Shoo fly! Finding solutions to pesky fruit flies

Fruit flies breed in places like compost piles. They can turn over a whole generation in about a week outdoors if it's warm enough.

Itâ??s the time of the season when fruit flies become more noticeable.

Many people are wondering if they are worse this season because Northern Michigan did not have a large fruit crop last year. A local bug expert said the problem doesnâ??t typically start around the fruit.

â??When the fruit fly issue arises, it often arises 20, 30, 40 miles away from significant orchards,â?? said Duke Elsner, an MSU Extension small fruit educator. â??We finally start noticing, but they really are around the whole year.â??

Drosophila Melanogaster, or fruit flies, live outdoors mainly. When they find their way into your house, they become a nuisance.

â??They can get into anybody's home, no matter how well weather-stripped and screened it is,â?? explained Elsner.

Leaving a couple dishes in the sink, or throwing some scraps in the trash creates the perfect breeding ground for a flock of flies.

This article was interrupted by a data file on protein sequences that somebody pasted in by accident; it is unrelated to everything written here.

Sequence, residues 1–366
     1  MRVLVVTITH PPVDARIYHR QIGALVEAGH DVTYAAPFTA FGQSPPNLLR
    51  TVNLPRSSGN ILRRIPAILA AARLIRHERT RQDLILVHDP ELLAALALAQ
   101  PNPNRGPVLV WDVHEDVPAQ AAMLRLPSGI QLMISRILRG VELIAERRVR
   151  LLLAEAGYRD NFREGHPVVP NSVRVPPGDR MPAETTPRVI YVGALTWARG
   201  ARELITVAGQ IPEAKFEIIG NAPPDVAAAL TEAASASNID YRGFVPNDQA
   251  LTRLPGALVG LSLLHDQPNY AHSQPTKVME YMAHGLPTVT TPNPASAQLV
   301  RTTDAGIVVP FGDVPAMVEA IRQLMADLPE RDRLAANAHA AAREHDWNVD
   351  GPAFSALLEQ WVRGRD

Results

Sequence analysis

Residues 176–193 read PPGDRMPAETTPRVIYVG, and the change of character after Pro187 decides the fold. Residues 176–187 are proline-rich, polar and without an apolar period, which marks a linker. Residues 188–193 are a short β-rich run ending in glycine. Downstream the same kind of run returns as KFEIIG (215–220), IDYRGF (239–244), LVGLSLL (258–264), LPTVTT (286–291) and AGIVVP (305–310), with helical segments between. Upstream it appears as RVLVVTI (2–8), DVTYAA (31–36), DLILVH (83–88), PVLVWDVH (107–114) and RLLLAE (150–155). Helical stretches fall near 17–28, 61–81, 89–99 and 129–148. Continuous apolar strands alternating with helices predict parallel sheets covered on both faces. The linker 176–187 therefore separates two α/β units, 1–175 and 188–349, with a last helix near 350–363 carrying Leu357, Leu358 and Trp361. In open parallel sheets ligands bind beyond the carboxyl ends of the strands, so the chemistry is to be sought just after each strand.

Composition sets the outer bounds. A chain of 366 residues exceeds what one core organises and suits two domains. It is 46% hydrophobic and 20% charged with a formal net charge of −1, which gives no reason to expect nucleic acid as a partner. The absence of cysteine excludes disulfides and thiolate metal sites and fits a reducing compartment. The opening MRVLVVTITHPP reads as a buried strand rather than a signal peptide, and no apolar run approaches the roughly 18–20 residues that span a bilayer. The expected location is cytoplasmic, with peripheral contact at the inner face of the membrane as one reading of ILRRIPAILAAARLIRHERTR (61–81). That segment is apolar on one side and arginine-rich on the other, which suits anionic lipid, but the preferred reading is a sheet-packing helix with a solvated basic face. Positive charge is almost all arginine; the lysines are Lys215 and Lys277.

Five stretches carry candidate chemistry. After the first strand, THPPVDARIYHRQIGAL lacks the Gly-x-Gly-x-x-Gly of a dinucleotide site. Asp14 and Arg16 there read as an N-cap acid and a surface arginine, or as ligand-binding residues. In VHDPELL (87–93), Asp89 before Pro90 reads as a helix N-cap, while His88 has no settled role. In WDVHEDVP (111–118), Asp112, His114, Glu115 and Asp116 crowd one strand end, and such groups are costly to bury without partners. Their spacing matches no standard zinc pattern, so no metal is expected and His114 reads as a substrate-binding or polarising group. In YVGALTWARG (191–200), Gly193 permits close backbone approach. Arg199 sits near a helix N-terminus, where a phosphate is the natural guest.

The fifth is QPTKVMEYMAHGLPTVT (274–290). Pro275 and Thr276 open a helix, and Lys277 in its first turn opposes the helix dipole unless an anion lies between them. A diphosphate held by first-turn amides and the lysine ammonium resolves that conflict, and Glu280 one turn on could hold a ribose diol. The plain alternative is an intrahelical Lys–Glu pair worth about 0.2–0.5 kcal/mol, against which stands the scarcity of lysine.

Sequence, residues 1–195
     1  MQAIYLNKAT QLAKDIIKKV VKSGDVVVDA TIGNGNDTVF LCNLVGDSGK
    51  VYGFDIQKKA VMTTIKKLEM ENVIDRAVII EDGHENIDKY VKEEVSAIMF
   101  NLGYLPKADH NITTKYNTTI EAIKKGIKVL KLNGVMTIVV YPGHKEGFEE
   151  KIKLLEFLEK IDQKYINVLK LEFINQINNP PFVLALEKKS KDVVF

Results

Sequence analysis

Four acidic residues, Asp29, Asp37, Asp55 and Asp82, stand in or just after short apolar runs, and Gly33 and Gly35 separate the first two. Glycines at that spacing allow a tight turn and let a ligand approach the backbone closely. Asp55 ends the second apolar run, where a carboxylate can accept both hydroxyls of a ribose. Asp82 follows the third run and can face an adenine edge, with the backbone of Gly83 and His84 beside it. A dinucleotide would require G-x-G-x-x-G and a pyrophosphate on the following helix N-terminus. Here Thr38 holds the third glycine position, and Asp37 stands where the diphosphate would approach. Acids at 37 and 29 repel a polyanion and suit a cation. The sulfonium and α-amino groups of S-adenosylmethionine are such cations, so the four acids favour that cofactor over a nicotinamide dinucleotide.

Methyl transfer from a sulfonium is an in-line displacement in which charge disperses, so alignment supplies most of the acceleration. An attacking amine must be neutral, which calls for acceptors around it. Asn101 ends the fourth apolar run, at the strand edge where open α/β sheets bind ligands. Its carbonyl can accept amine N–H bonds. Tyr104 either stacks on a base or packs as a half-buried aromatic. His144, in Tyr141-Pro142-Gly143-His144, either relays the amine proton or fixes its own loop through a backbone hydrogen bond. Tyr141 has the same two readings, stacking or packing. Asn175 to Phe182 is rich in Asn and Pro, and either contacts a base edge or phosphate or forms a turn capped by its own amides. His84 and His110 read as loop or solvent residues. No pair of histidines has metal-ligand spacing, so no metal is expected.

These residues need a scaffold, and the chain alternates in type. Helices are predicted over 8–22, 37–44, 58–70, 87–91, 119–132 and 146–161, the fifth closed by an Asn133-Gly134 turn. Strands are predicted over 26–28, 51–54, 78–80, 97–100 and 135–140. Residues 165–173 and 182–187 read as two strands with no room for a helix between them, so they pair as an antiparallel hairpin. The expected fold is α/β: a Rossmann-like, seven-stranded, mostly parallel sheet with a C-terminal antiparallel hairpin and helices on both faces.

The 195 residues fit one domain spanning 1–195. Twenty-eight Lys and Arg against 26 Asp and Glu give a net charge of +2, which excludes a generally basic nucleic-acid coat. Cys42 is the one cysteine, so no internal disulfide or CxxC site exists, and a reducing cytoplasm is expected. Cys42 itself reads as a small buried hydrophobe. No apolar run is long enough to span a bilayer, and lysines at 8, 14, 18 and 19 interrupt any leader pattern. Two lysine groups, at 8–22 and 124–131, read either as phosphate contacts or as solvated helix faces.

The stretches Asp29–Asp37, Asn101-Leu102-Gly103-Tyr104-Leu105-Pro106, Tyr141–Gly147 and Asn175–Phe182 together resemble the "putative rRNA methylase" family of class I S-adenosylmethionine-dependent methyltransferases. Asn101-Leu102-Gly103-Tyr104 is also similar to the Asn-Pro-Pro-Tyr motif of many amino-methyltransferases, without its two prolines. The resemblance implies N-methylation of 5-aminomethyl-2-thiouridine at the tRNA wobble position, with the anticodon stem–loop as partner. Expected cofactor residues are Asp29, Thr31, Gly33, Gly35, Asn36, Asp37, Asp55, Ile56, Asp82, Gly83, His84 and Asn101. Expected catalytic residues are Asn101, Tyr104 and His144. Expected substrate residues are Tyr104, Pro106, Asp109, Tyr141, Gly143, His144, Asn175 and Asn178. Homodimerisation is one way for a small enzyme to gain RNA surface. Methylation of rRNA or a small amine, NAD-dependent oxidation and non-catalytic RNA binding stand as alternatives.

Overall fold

â??This year we've had some big rains recently. In fact, this one last night will probably provide them a wonderful resource of things outdoors, so we may see them for quite a while,â?? said Elsner.

â??The absolute best thing would be a couple hard frosts, but we don't want those now, not yet anyways,â?? said Elsner.

There are several methods for getting rid of the pests.

â??We have a little trap out right now that has the usual formula: some red wine vinegar and a drop of soap to break the surface tension,â?? explained Elsner. â??It traps a few hundred a day, but when they're very numerous, that's not enough. It will help, but it won't eliminate the problem.â??

Some people use fly tape, or even a vacuum to suck the fruit flies out of air.

If you have a compost bin, keep it covered. Elsner uses a fan to help disperse the odors so the flies can't locate it, which also keeps the flies from settling there as much.

Many people find fruit flies in their bathrooms. They're attracted to things like soaps and perfumes. So keeping those smells contained can help.

There are always industrial solutions as well. Elsner said pesticides and bug bombs work well, but you have to decide whether you want the chemicals near food surfaces.

Elsner said the invasive spotted-wing fruit fly has nothing to do with the fruit flies in your home. The Asian variety attacks fresh, whole fruits, typically at orchards or vineyards.